The American Meteor Society has received reports of a bright fireball meteor being seen over much of the American Midwest slightly before 1.30 am local time (slightly before 7.30 GMT) on Monday 6 February 2017. The fireball was seen across Illinois, Wisconsin, Michigan, Ohio, Iowa, Ontario, New York, Kentucky and Minnesota, though the majority of sightings came from Illinois and Wisconsin. A fireball is defined as a meteor (shooting star) brighter than the planet Venus. These are typically caused by pieces of rock burning up in the atmosphere, but can be the result of man-made space-junk burning up on re-entry. The meteor is described as having a greenish colour, which may indicate it had a high magnesium content. It passed from southwest to northeast, and is thought to have ended its journey somewhere over Lake Michigan (in this context 'ended its journey' means exploded due to friction induced heating; this typically happens high in the atmosphere, with smaller chunks of the object falling to Earth in relative darkness).
Dashcam images of the 6 February 2017 Midwest meteor. Lisle Police Department/American Meteor Society.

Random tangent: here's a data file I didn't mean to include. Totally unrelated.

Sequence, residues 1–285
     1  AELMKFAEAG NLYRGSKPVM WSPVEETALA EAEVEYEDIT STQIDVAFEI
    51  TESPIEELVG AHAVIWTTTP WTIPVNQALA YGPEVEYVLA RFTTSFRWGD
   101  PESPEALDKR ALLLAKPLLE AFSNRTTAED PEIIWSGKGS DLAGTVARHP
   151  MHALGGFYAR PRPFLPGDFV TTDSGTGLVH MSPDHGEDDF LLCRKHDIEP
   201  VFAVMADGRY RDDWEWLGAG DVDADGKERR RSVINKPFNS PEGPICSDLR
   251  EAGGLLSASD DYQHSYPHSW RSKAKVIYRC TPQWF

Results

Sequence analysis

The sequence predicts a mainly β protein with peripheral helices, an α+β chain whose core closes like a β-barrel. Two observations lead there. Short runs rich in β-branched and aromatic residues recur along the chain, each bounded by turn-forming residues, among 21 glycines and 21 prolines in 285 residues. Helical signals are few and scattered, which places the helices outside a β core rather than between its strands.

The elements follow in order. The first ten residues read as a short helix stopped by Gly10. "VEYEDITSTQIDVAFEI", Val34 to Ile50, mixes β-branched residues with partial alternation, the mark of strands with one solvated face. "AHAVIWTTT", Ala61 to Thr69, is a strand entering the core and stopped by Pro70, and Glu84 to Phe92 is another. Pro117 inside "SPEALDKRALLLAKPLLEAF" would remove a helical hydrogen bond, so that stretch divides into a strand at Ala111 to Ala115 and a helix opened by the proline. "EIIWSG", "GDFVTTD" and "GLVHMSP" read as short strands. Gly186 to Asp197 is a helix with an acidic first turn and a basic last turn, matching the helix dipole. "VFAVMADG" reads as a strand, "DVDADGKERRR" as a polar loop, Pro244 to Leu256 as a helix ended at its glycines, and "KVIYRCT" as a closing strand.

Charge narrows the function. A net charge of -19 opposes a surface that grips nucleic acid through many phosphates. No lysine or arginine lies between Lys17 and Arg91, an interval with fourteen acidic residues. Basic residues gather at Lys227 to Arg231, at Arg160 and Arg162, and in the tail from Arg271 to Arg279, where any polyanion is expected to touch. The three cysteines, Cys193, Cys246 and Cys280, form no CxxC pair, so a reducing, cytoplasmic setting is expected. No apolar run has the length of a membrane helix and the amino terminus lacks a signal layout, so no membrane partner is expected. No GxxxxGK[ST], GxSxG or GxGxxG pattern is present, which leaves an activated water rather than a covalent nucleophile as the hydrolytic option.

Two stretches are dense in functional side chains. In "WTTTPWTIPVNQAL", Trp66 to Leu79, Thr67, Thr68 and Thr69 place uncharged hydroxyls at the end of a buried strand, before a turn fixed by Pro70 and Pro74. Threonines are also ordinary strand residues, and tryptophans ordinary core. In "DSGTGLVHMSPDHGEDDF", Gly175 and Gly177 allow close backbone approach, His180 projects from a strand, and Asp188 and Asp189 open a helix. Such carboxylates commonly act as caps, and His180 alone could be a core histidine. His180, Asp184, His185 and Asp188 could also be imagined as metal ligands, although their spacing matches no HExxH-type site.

Objects of this size probably enter the Earth's atmosphere several times a year, though unless they do so over populated areas they are unlikely to be noticed. They are officially described as fireballs if they produce a light brighter than the planet Venus. It is possible that this object will have produced meteorites that reached the surface (an object visible in the sky is a meteor, a rock that falls from the sky and can be physically held and examined is a meteorite).
Witness reports can help astronomers to understand these events. If you witnessed this fireball you can report it to the American Meteor Society here.
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